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Griffin v. Compass Group USA, Inc.

United States District Court, E.D. Virginia, Richmond Division

June 30, 2017

BERNICE B. GRIFFIN, Plaintiff,
v.
COMPASS GROUP USA, INC. Defendant.

          OPINION

          John A. Gibney, Jr. United States District Judge.

         The pro se plaintiff, Bernice B. Griffin, brings this breach of contract case against the defendant, Compass Group USA, Inc. ("Compass Group"). Griffin brings three breach of contract claims alleging entitlement to vacation and sick pay. Compass Group moved to dismiss Griffin's claims pursuant to Fed.R.Civ.P. 12(b)(6). The Court grants the motion to dismiss. Federal law preempts Griffin's state law breach of contract claim, and her failure to exhaust the grievance procedures as required by the Labor Management Relations Act (the "LMRA") bars her second claim. Griffin's third claim under 41 U.S.C. § 6503 does not apply to the employment contract in dispute, so it also fails.

         I. BACKGROUND

         Griffin worked for Compass Group as a cashier from 1977 until 2015. In November 2015, Griffin underwent surgery for carpel tunnel in both hands. She remained absent from work until June 1, 2016, when she retired. A collectively-bargained Labor Agreement (the "CBA") between Compass Group and Griffin's union governed the terms of her employment. (Dk. No. 8-1.)[1] Griffin says Compass Group should have paid for her accumulated 45 vacation days and 55 sick days. In response, Compass Group says she should have brought her claim under the CBA's mandatory grievance procedure-a four-step process culminating in binding arbitration if necessary. Griffin does not claim to have followed this procedure in her complaint, and she ultimately concedes that she did not do so in her opposition to the motion to dismiss.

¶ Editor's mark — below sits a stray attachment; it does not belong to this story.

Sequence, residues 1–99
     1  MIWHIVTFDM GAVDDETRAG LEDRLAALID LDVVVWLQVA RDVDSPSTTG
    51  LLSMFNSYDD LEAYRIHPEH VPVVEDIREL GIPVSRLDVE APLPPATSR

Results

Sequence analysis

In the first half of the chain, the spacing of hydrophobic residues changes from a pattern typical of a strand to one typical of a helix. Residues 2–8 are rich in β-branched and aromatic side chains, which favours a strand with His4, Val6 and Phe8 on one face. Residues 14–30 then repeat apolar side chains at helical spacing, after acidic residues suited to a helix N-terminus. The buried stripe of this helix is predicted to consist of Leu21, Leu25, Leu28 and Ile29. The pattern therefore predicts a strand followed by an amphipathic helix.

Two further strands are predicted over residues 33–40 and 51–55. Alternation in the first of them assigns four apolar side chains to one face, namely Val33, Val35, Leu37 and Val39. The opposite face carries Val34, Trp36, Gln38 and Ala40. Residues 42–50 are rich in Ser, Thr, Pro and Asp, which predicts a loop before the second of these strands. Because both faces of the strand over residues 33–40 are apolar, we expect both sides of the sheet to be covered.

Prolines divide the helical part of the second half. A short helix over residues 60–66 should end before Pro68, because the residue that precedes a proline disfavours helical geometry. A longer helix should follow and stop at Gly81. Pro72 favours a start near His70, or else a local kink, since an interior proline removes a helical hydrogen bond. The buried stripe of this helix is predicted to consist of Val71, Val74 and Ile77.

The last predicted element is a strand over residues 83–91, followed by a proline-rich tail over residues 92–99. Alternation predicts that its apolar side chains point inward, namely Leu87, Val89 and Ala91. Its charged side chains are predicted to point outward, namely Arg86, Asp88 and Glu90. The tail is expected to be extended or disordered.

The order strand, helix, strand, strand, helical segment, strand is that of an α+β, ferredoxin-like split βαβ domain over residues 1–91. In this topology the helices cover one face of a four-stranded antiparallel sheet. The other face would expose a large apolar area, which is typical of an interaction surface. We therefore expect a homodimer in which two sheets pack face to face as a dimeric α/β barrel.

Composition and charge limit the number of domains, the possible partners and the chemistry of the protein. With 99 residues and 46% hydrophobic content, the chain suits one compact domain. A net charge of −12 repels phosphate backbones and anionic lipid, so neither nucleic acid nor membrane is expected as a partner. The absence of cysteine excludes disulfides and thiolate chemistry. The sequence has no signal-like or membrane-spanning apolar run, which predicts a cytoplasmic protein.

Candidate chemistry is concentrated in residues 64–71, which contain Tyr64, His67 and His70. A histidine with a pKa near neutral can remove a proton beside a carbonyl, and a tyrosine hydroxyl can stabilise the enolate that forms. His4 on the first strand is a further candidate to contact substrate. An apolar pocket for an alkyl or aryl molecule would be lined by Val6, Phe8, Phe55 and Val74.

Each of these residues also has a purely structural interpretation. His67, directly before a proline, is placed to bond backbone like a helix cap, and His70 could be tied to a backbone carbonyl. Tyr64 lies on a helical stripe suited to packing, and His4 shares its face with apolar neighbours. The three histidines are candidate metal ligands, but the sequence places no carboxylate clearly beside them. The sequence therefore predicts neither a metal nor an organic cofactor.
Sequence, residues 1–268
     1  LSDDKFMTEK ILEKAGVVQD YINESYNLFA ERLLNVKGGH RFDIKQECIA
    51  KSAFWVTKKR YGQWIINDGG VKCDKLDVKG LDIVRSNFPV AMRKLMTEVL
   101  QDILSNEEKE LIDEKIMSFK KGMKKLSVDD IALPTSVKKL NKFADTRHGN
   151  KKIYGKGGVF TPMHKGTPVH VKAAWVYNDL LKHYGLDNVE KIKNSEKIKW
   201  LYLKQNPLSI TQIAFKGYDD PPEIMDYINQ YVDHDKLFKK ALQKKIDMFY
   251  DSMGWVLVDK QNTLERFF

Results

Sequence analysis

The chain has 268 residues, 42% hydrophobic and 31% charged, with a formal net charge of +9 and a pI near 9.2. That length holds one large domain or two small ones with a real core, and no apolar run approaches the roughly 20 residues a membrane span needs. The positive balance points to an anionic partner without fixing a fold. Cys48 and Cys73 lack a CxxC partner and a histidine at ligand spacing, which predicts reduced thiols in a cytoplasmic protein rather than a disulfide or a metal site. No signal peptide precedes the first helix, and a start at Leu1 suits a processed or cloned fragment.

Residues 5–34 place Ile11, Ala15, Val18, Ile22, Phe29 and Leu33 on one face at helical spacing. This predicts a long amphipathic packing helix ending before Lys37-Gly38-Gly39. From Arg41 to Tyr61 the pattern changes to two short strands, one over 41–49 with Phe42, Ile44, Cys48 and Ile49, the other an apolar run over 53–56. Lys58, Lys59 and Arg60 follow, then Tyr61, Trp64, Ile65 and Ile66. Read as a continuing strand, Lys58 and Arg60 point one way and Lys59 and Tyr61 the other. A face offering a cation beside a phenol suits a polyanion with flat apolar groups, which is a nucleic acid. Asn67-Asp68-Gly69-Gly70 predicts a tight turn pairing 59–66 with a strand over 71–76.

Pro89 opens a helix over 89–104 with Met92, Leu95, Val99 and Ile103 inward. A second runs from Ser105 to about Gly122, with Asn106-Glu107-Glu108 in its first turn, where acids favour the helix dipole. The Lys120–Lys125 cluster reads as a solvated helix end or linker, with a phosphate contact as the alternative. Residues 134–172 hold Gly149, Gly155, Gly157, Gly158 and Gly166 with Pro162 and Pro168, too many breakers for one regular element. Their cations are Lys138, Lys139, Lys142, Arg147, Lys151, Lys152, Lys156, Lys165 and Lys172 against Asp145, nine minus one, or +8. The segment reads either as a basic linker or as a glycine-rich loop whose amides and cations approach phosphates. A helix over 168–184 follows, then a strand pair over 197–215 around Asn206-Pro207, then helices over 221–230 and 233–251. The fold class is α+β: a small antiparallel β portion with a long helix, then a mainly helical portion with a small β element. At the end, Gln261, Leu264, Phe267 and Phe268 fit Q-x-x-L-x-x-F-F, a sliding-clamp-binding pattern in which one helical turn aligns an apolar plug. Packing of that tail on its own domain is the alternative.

II. STANDARD